As a recently appointed manager of the Southern Cross Group 5 star international hotel chain I have been asked to discuss the importance of and issues relating to Cross-Cultural management in Avarua, Cook Islands. This report will investigate the cultural, economic, political and social environments in the Cook Islands, identify tourism developments and the important role cross-cultural management plays with both employees and guests.
The Cook Islands are a nation comprising of 15 islands spread over 2.2 million square kilometres of ocean in a hurricane zone in the South Pacific. (Douglas. N & N. 1987, http://www.ck/ http://www.ck/geog.htm).
The total population of the Cook Islands is said to be 20,811(July 2002 est). More than half live in Rarotonga (13,000) where the Capital is Avarua. (Arnell D. Wolk.L 1993, Bruce. J 2003, http://www.cia.gov/cia/publications/factbook/geos/cw.html, http://www.ck/people.htm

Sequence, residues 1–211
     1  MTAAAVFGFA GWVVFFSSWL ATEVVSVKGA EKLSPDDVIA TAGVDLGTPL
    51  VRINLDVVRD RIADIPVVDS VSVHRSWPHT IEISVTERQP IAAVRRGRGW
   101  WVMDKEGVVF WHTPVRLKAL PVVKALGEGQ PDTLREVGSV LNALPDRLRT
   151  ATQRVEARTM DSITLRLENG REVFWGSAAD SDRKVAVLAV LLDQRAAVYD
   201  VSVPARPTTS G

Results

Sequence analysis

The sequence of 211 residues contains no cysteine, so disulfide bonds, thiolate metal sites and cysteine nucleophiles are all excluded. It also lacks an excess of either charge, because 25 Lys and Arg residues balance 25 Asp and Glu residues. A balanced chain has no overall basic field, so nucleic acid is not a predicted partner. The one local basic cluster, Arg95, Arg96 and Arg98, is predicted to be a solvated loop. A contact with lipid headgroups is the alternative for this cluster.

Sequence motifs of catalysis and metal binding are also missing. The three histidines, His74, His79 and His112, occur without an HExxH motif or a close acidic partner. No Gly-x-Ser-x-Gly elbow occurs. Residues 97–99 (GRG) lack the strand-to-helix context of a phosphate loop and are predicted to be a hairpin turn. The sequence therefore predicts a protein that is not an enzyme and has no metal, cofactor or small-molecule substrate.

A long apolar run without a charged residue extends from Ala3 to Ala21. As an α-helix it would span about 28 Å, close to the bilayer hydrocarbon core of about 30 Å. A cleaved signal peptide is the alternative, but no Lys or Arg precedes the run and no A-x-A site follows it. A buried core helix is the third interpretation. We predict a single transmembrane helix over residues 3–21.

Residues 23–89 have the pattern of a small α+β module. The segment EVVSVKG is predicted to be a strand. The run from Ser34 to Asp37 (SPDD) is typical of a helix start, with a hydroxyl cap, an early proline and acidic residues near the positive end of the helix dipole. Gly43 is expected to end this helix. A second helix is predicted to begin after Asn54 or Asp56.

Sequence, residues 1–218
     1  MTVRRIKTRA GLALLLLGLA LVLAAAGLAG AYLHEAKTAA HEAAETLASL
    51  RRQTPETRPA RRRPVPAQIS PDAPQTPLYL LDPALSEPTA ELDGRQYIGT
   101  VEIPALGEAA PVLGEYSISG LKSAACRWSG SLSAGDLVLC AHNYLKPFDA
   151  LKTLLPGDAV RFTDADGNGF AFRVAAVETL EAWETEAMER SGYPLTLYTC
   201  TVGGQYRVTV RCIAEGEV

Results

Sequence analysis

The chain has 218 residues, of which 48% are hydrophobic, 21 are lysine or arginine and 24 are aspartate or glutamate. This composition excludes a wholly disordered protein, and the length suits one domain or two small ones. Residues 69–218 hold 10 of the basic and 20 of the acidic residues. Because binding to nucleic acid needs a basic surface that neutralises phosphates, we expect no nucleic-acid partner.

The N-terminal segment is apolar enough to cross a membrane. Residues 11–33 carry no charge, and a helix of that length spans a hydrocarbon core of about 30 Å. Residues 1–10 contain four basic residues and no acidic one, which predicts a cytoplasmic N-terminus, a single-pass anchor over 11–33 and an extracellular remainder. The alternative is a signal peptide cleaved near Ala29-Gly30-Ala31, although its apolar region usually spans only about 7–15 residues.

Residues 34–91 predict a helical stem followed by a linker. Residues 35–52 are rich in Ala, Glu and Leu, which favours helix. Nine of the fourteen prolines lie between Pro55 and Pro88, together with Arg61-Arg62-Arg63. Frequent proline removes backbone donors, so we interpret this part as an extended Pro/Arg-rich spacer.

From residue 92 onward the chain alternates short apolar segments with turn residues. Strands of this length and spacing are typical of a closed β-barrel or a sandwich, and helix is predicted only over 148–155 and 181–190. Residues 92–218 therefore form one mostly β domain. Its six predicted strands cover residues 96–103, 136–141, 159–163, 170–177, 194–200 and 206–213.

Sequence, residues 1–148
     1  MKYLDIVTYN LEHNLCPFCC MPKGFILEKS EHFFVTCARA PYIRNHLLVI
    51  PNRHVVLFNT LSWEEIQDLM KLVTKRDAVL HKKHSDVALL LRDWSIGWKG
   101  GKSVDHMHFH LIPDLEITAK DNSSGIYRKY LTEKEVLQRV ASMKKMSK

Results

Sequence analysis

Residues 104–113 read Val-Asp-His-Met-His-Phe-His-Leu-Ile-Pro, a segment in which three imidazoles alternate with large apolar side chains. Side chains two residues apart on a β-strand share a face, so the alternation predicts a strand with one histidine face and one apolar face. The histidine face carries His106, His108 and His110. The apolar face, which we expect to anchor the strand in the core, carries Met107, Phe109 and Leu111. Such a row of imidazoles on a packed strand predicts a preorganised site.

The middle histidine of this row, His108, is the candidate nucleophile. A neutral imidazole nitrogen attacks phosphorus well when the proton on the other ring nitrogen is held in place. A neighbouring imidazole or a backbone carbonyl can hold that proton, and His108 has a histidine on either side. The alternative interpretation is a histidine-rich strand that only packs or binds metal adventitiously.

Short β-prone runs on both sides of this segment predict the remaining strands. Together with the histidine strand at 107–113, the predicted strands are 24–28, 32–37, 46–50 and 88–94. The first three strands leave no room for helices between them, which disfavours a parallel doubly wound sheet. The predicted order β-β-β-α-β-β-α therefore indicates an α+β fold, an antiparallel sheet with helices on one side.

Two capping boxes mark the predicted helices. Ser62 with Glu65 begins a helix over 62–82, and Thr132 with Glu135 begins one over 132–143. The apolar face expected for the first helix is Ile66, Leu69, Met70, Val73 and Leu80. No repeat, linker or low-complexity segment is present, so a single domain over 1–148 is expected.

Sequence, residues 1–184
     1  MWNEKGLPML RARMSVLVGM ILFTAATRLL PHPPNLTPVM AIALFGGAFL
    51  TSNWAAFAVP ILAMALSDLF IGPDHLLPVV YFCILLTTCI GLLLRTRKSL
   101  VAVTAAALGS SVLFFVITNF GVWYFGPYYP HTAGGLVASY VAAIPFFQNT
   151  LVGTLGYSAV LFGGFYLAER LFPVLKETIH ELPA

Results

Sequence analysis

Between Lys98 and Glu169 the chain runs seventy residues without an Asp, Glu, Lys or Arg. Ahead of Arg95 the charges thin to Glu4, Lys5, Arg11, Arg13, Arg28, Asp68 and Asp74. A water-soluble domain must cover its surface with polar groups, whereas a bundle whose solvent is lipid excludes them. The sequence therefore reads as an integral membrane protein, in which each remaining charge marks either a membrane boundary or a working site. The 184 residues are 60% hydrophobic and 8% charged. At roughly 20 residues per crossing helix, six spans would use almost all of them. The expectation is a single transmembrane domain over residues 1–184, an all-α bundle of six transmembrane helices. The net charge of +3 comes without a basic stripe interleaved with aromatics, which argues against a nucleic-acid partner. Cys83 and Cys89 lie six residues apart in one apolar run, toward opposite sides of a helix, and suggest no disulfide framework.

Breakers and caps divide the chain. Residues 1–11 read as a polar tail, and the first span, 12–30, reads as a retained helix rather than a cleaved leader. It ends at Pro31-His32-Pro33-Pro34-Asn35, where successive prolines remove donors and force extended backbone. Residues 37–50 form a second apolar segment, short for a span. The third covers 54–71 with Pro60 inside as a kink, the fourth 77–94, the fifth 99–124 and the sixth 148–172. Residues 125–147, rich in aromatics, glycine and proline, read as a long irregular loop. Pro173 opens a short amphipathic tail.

"Cook Islands have a special charm and scenic beauty" (Douglas N & N 1987 page 149)
that hosts a diverse and unique cultural environment.
This is shown through family ties, music, dance, language and religion.
Cook Islanders are friendly Polynesians. There greeting is "Kia Orana (key-o-rah-na), meaning, "Here's Life." (Hello -you may live) (Arnell D. Wolk.L 1993, Bruce. J 2003)
The extended family system was a way of life for Cook Islanders. However due to changes in lifestyle and technologies families are travelling more and distancing from one another. For example girls are now moving away from their parents before marriage and the respect for elders is diminishing. Although there is still pride, care and respect between relatives. "On the one hand, there is change; on the other, renewed respect for our past and its wisdom and traditions." (Sir Geoffrey Henry KBE Prime Minister. cited by Arnell D. Wolk.L 1993. page 6).
"Not so long ago, one would never go...